(WVNS) – If you think your mood could be changing as we turn the clocks back from long sunny days, you could be right. It’s called Seasonal Affective Disorder, and across America between four to six percent of the population experience seasonal depression.
Seasonal Affective Disorder is when people experience depression of some kind that is usually related to the change of season. Days are much shorter with less sunlight, and scientists think that may affect our melatonin levels and change the chemistry of our brains.
While turning the clocks back and lack of sunlight can be a few causes, Director of Life Strategies Counseling, Hamlet Smith, told 59 News that the pressure of the coming holidays can play a huge role on changing moods as well.
“Especially with the Holidays approaching, people’s schedules get more busy and they have more time to think about lost loved ones while trying to pull off that perfect Thanksgiving or Christmas dinner,” Smith said.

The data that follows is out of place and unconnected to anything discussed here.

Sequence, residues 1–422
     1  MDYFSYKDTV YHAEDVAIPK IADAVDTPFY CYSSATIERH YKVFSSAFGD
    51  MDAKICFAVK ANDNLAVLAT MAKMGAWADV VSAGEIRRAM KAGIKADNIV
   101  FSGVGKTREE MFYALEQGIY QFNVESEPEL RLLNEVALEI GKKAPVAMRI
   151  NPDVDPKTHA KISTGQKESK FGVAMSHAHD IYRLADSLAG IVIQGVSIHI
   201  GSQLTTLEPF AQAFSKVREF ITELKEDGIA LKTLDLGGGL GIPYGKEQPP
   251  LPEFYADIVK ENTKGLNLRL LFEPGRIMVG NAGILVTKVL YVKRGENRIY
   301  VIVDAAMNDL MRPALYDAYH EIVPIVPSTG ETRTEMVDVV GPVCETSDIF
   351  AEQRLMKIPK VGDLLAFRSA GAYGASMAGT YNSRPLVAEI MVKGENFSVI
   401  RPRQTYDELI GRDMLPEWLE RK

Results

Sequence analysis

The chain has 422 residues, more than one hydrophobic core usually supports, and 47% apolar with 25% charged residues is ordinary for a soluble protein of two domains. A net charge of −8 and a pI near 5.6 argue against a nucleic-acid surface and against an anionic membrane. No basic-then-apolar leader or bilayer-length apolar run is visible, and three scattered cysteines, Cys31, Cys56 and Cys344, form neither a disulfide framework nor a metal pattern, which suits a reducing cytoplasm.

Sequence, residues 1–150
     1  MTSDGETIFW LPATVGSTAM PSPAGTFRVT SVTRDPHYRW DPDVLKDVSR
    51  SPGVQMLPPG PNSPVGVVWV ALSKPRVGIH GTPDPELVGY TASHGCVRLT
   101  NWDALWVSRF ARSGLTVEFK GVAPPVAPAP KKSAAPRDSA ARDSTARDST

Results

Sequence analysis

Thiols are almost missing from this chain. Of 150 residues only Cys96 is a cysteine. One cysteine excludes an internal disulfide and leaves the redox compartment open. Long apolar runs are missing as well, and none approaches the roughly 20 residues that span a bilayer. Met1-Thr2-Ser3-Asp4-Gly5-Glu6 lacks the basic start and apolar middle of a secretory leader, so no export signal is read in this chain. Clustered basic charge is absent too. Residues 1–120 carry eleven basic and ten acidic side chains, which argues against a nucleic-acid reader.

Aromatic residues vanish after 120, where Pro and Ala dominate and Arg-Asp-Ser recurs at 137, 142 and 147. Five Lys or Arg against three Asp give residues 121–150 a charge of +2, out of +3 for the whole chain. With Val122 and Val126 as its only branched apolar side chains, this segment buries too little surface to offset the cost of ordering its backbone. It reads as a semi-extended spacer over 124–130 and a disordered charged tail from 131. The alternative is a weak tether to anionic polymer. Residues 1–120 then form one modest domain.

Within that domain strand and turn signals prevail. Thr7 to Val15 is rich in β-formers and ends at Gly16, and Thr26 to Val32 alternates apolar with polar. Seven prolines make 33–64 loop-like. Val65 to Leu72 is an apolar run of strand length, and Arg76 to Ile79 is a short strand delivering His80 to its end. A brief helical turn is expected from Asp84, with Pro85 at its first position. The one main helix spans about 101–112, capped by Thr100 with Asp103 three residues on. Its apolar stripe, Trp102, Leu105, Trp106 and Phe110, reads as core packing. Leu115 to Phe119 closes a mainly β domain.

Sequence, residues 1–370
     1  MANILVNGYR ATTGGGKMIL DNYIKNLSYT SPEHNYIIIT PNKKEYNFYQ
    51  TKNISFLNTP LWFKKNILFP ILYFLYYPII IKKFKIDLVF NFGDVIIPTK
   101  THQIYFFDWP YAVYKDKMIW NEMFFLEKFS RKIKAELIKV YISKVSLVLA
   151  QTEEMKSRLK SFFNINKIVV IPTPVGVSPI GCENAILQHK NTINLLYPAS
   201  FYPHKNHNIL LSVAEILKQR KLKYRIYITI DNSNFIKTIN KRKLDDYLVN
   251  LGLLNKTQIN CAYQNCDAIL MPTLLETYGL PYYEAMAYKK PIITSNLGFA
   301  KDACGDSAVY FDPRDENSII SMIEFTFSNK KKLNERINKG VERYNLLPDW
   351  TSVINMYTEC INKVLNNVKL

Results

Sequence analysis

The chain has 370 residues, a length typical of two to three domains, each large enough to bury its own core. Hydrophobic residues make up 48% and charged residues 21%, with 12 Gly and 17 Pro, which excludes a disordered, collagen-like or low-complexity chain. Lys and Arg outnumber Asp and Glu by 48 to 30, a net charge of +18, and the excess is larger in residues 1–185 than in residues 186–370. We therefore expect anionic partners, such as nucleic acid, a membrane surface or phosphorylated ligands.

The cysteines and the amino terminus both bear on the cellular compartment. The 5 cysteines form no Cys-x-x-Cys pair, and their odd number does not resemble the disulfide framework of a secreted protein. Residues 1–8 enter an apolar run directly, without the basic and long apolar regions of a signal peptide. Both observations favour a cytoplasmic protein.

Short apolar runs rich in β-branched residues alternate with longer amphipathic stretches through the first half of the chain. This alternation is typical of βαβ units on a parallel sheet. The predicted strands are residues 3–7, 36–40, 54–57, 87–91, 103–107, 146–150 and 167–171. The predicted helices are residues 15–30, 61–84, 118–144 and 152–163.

Symptoms of Seasonal Affective Disorder are the same as depression, they include; disturbed sleep, excessive eating or lack of an appetite, thoughts of suicide, lack of interest and lack of energy. They can be treated the same as depression as research indicates that people improve with seasonal affective disorder primarily through medical intervention and counseling.
Regardless what the cause may be, those experiencing these changes in their mood should seek help instead of ignoring these feelings until the winter is over.
“The problems that we ignore are usually the ones that bite us the hardest,” Hamlet stressed. “Facing your problems no matter what they are is usually a better remedy than trying to ignore it and soldiering on.”